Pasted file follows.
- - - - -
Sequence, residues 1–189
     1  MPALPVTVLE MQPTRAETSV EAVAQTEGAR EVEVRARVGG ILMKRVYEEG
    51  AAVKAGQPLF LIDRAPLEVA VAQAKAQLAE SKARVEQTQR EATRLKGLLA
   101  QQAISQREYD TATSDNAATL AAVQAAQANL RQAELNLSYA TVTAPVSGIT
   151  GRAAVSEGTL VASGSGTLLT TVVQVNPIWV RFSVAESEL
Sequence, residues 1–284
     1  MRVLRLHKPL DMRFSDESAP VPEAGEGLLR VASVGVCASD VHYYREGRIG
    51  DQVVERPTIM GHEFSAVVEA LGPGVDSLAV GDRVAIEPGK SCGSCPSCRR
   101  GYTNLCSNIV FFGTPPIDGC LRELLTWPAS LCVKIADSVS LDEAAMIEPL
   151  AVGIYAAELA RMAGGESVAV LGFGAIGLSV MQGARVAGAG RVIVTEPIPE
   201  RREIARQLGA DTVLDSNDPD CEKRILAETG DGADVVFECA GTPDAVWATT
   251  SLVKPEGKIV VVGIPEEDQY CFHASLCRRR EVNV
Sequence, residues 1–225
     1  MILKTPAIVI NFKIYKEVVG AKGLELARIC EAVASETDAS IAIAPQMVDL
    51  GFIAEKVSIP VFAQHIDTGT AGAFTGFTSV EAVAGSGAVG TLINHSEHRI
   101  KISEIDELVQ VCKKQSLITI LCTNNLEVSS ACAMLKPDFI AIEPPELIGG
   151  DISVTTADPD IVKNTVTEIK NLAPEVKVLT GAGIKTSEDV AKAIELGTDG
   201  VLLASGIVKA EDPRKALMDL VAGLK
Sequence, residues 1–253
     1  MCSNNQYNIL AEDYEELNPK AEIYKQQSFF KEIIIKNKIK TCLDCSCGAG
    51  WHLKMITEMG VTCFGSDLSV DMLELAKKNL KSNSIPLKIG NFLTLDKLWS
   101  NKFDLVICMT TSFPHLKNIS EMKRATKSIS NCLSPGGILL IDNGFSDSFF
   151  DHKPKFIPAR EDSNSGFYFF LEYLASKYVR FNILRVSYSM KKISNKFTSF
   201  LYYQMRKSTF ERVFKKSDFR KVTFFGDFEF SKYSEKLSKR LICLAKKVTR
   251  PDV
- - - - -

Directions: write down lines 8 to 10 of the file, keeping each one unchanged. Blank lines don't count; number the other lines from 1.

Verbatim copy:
    51  DQVVERPTIM GHEFSAVVEA LGPGVDSLAV GDRVAIEPGK SCGSCPSCRR
   101  GYTNLCSNIV FFGTPPIDGC LRELLTWPAS LCVKIADSVS LDEAAMIEPL
   151  AVGIYAAELA RMAGGESVAV LGFGAIGLSV MQGARVAGAG RVIVTEPIPE